Do you wonder ever if it's all worth it?

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Jstanley01
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Re: Do you wonder ever if it's all worth it?

Post by Jstanley01 » Sun Sep 08, 2013 11:56 am

One thing about classical guitar, because it's basically a solo instrument, outside of lesson time with a teacher, its pursuit is basically a solo effort. Something that can be difficult in the long run for social creatures such as the members of the Homo Sapiens Sapiens species. That's one reason why I also pursue playing -- I guess you'd call it "folk" or "pop," I dunno. I just call them "songs that I like," irrespective of genre. The only common thread being that the music is sung with chord-based accompaniment on guitar.

It's fun being able to "jam" with guitarists and other musicians. I just did so with my nephew a few days ago, who plays clawhammer-style banjo (EDIT: Like I told him, "It's a dirty job, but somebody's gotta do it." :mrgreen:), and we had a gas. Not to mention there's a lot of songs out there that I like, and I've even "written" one or two ditties.

My practice probably involves, at most, 20 percent songs and 80 percent classical. And I have long stretches where I practice classical exclusively. After which, going back to the songs, I've always improved playing them anyway. I mean, what better practice for Travis picking than working on Guiliani's arpeggio studies?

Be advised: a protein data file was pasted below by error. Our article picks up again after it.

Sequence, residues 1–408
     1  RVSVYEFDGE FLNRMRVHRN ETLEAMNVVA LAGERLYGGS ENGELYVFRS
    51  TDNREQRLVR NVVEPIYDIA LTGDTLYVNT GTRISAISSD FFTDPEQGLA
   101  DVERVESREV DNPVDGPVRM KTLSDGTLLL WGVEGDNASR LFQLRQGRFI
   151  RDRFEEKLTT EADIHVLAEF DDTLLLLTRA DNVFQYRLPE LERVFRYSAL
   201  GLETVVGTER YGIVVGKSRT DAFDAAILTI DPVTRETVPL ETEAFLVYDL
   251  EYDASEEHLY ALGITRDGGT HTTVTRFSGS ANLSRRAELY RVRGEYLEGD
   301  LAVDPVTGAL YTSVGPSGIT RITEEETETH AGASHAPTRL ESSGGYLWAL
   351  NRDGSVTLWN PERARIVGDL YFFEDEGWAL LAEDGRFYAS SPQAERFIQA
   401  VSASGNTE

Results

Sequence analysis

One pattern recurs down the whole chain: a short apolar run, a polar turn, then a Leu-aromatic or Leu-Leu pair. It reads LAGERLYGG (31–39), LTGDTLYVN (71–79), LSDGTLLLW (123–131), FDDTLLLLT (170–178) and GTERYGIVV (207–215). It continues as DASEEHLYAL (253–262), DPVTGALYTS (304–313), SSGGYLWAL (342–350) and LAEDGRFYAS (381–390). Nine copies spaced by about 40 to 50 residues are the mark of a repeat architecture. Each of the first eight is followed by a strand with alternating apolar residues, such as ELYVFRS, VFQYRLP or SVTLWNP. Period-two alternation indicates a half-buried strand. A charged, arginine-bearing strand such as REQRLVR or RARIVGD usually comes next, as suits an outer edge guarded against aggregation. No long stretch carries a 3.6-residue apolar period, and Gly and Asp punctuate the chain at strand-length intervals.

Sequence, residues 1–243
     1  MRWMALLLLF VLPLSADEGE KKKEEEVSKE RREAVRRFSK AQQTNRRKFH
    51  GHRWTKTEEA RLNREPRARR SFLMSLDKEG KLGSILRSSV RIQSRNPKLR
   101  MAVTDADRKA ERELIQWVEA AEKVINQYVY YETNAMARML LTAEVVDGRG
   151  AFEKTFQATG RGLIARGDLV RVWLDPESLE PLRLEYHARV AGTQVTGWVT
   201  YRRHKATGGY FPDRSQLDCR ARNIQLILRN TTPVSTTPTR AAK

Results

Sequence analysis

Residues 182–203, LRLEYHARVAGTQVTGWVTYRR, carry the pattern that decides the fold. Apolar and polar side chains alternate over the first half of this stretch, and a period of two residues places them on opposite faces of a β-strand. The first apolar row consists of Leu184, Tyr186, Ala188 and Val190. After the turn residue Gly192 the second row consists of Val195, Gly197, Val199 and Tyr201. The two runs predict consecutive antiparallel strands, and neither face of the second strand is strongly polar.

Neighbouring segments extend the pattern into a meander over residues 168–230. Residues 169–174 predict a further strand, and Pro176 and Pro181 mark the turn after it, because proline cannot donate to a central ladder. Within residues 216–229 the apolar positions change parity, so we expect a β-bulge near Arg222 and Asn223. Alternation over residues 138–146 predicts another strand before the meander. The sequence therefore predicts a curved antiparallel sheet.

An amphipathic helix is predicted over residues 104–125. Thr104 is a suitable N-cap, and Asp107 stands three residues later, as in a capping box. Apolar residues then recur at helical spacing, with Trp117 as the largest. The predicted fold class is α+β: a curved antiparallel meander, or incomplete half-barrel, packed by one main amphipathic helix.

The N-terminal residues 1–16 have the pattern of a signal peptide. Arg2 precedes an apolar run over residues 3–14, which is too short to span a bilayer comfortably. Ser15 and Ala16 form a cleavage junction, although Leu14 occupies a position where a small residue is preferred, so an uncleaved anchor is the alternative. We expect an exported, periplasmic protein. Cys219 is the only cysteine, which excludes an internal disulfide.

As far as The Big Question goes, it's obvious that human beings were designed with built-in emotional responses to music. Which means to me that music needs no utilitarian justification beyond itself. It's not a means to an end, it's an end in itself.

And as far as the edification of the player goes, what more fun can there be in the world than playing Bach that doesn't require changing the sheets afterwards?... :mrgreen:
Last edited by Jstanley01 on Sun Sep 08, 2013 1:30 pm, edited 1 time in total.
Attitude is more important than the past, than education, than money, than circumstances, than what people do or say. It is more important than appearance, giftedness, or skill. -W.C. Fields

Mick the Ramirez Man

Re: Do you wonder ever if it's all worth it?

Post by Mick the Ramirez Man » Sun Sep 08, 2013 12:41 pm